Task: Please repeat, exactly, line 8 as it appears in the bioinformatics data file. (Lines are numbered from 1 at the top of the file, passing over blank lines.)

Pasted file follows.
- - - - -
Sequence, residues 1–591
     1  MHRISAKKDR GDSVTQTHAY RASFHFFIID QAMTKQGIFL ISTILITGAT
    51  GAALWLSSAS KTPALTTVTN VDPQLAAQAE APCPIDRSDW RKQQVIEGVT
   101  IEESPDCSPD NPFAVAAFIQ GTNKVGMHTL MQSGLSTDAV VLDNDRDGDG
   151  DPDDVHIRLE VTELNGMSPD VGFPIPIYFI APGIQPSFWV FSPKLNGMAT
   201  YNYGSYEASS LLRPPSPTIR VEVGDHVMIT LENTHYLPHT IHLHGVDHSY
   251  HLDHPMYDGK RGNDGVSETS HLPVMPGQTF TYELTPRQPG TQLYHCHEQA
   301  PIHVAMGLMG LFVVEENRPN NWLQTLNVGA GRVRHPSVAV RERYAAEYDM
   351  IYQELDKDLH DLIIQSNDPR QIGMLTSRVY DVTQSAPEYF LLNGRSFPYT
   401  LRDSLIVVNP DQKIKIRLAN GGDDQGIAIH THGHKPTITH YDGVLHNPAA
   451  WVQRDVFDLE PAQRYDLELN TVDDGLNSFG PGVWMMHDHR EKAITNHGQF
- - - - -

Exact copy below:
   301  PIHVAMGLMG LFVVEENRPN NWLQTLNVGA GRVRHPSVAV RERYAAEYDM